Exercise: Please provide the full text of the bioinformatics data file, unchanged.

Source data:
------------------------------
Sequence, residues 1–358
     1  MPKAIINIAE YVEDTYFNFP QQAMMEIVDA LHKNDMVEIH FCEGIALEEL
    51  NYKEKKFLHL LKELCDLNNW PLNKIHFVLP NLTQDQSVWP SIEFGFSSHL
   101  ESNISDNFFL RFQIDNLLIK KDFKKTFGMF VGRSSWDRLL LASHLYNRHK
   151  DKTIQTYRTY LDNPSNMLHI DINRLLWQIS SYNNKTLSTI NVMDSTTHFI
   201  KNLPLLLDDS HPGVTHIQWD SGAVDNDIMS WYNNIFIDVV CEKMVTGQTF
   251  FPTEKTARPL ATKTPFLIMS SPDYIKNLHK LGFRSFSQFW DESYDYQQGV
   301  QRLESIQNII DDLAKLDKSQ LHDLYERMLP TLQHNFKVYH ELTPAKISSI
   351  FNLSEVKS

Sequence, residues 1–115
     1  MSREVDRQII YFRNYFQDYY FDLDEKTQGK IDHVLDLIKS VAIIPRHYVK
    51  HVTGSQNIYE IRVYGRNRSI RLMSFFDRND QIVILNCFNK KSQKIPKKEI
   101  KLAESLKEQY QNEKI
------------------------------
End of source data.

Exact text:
Sequence, residues 1–358
     1  MPKAIINIAE YVEDTYFNFP QQAMMEIVDA LHKNDMVEIH FCEGIALEEL
    51  NYKEKKFLHL LKELCDLNNW PLNKIHFVLP NLTQDQSVWP SIEFGFSSHL
   101  ESNISDNFFL RFQIDNLLIK KDFKKTFGMF VGRSSWDRLL LASHLYNRHK
   151  DKTIQTYRTY LDNPSNMLHI DINRLLWQIS SYNNKTLSTI NVMDSTTHFI
   201  KNLPLLLDDS HPGVTHIQWD SGAVDNDIMS WYNNIFIDVV CEKMVTGQTF
   251  FPTEKTARPL ATKTPFLIMS SPDYIKNLHK LGFRSFSQFW DESYDYQQGV
   301  QRLESIQNII DDLAKLDKSQ LHDLYERMLP TLQHNFKVYH ELTPAKISSI
   351  FNLSEVKS

Sequence, residues 1–115
     1  MSREVDRQII YFRNYFQDYY FDLDEKTQGK IDHVLDLIKS VAIIPRHYVK
    51  HVTGSQNIYE IRVYGRNRSI RLMSFFDRND QIVILNCFNK KSQKIPKKEI
   101  KLAESLKEQY QNEKI